For those of you who are really into comics, this post will be nothing more than another advertisement for this book.  For those of you not as deeply involved in the medium, this should prove an enjoyable and fascinating title.  One of the most popular, controversial, and simply widely known comic book writers of the last 20+ years is Grant Morrison.  He is known not just for his work, but for his life, his vision, and his view on all things comics.  It comes as no surprise, then, that he has crafted this opus to superheroes and the mythic properties they both embody and represent for the reader: Supergods.  This is not a superficial examination of the genre, but a detailed and literate study of the archetypes of comics and what they continue to teach us about ourselves and our world.  I am not the biggest Morrison fan, but this is an exceptional look at comic history, and an in-depth analysis of the last few decades of comic writing, as themes became darker, more realistic, and more honestly reflective of our society.  If you have any interest in comics or superheroes, this is a must read!

The Photographer

I have always been fascinated by Doctors Without Borders, and that interest is what first drew me to Didier Lefevre’s graphic novel The Photographer.  What held, sustained, and demanded my interest, however, is the sense of perseverance in the face of deepest adversity faced by the people of Pakistan and Afghanistan as featured in this book.  What’s truly stunning about this book is the juxtaposition of Lefevre’s photographs with the art of Emmanuel Guibert.  The images in this book date from a trip Lefevre took in 1986 to document a Doctors Without Borders mission, and the images are both touching and intense.  It is an amazing document of a place, a purpose, and a people.  This is the kind of book that everyone should read, so I hope you do.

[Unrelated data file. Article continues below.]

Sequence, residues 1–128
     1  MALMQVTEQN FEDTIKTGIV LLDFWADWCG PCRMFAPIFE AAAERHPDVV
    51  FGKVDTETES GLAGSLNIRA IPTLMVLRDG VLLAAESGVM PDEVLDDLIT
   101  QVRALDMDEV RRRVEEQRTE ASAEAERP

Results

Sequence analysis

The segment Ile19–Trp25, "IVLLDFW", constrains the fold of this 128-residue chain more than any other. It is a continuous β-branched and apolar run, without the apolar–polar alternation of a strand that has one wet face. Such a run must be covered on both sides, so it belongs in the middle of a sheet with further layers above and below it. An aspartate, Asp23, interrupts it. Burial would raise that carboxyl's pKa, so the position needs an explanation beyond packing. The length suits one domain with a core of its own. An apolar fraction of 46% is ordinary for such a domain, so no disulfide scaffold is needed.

The landmark testimony of Maus